The individual image orthicon tubes and the area within the camera housing are forced-air cooled. Separate blowers are used to cool the individual image orthicon tubes. Cooling air is brought into the socket end of each yoke assembly by means of flexible hose leading from its associated blower. All external areas of the camera and viewfinder have an aluminum finish to further aid in maintaining optimum temperature conditions within the camera. Two utility outlets and a fuse are mounted on the under side at the back end of the camera. They provide facilities for an independent source of a-c that may be used for test equipment.



An extremely 'Pimped out' Panoram in a Hollywood auction...


Hollywood Early Dolly History -
Technological Change and Classical Film Style - A Specimen Scene, THE CHARGE OF THE LIGHT BRIGADE Scene 34, Sources of Innovation, Case Studies

Camera Movement. Great article - keywords...   go to the  link for the complete article!

History on:  Bell & Howell Rotambulator, introduced in 1932.  The Fox Velocilator (introduced in 1933 and manufactured by the Fearless Camera Company).  The Fearless Company’s Panoram Dolly, which debuted in 1936.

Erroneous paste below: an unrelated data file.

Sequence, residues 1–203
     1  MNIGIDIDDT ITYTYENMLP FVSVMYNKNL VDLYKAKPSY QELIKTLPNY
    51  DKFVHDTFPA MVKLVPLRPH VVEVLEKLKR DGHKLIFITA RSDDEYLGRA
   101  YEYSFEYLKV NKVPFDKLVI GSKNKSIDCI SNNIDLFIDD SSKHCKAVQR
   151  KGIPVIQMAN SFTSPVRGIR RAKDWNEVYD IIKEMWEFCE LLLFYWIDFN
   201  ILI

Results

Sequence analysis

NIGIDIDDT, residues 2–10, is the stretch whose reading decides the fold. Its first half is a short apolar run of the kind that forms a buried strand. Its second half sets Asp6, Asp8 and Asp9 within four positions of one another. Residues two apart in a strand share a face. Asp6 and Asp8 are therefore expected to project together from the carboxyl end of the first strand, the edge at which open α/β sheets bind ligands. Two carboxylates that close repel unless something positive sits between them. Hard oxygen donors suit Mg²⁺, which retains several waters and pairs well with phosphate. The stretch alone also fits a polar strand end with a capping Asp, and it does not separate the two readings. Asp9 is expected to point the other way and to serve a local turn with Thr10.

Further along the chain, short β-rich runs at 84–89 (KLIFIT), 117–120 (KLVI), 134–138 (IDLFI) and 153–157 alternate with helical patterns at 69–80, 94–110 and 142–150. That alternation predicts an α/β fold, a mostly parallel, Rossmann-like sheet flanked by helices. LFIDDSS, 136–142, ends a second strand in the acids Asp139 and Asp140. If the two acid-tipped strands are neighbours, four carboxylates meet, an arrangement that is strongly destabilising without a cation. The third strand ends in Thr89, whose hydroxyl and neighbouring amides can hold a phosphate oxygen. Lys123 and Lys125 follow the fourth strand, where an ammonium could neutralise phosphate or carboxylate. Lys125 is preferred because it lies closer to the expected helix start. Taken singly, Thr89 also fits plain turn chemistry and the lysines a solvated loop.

The Velocilator appears to have been the basis of Erik Charell’s CARAVAN (FOX, 1934);

 Tracking movements that followed the movements of the players, as in the CHARGE OF THE LIGHT BRIGADE

 The new dollies made feasible the sort of tight, minute adjustments of framing seen in the LIGHT BRIGADE sequence.

The enormous Universal camera crane used on BROADWAY (1929), with its twenty-five-foot-long arm, had represented the summit of such efforts at the end of the silent era. The small sets in early talkies did not favor such equipment, but after 1931, cranes were proving feasible again. The BROADWAY behemoth was trundled out for ALL QUIET ON THE WESTERN FRONT (1930), and MGM and UA also began using cranes. In 1932,   at an Academy equipment demonstration, Paramount displayed its “Baby” camera boom, which could rise from floor level to a height of about eight feet.

A  1931 article pointed out that filming from a moving crane yielded fluidity and spectacle. 

John Arnold’s MGM boom, introduced in 1939

Crane shots are a major attraction of the musical numbers in such Busby Berkeley films as FOOTLIGHT PARADE (1933) and GOLD DIGGERS OF 1933. Stately crane movements are particularly in evidence in MGM’s THE WIZARD OF OZ (1939) and GONE WITH THE WIND (1939). 

Read more: Technological Change and Classical Film Style - A Specimen Scene, THE CHARGE OF THE LIGHT BRIGADE Scene 34, Sources of Innovation, Case Studies http://encyclopedia.jrank.org/articles/pages/2888/Technological-Change-and-Classical-Film-Style.html#ixzz1XRK5NcaN

We are looking  for more photos, history articles and  reminisces - Email us at info@smecc.org 

RCA TD3-A Pedestal (Actually a Houston-Fearless PD-3)